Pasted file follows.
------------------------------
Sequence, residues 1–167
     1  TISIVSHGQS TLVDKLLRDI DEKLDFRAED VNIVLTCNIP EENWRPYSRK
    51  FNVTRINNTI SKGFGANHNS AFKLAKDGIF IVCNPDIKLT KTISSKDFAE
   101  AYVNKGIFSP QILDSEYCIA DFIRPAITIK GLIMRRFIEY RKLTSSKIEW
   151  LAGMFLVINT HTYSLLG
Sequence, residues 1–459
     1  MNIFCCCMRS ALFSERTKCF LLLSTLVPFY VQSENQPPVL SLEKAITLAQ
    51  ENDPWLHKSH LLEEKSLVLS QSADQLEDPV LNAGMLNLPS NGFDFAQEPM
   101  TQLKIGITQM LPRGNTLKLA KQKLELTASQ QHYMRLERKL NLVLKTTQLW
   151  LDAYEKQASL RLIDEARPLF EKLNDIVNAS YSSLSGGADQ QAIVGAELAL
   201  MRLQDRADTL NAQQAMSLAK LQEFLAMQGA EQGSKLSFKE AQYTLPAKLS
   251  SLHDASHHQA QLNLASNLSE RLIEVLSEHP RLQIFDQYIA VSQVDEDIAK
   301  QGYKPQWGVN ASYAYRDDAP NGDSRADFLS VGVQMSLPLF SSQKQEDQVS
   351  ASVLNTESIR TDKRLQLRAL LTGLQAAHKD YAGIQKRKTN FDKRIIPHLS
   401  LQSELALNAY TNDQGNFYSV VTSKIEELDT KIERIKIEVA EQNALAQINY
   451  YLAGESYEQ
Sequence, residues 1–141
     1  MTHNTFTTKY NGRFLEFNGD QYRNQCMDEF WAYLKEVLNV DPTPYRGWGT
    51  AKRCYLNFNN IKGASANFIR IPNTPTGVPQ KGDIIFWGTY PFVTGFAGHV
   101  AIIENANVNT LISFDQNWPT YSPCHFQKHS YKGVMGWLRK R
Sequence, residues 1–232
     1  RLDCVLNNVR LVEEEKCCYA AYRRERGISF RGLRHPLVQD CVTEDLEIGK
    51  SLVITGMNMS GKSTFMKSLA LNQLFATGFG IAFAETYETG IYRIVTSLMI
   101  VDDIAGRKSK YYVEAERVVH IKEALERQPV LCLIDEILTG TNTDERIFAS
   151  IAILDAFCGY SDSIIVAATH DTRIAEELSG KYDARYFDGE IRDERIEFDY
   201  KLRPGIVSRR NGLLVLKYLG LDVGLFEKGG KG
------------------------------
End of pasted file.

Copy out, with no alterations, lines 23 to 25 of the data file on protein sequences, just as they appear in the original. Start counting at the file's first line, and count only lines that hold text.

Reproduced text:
    51  SLVITGMNMS GKSTFMKSLA LNQLFATGFG IAFAETYETG IYRIVTSLMI
   101  VDDIAGRKSK YYVEAERVVH IKEALERQPV LCLIDEILTG TNTDERIFAS
   151  IAILDAFCGY SDSIIVAATH DTRIAEELSG KYDARYFDGE IRDERIEFDY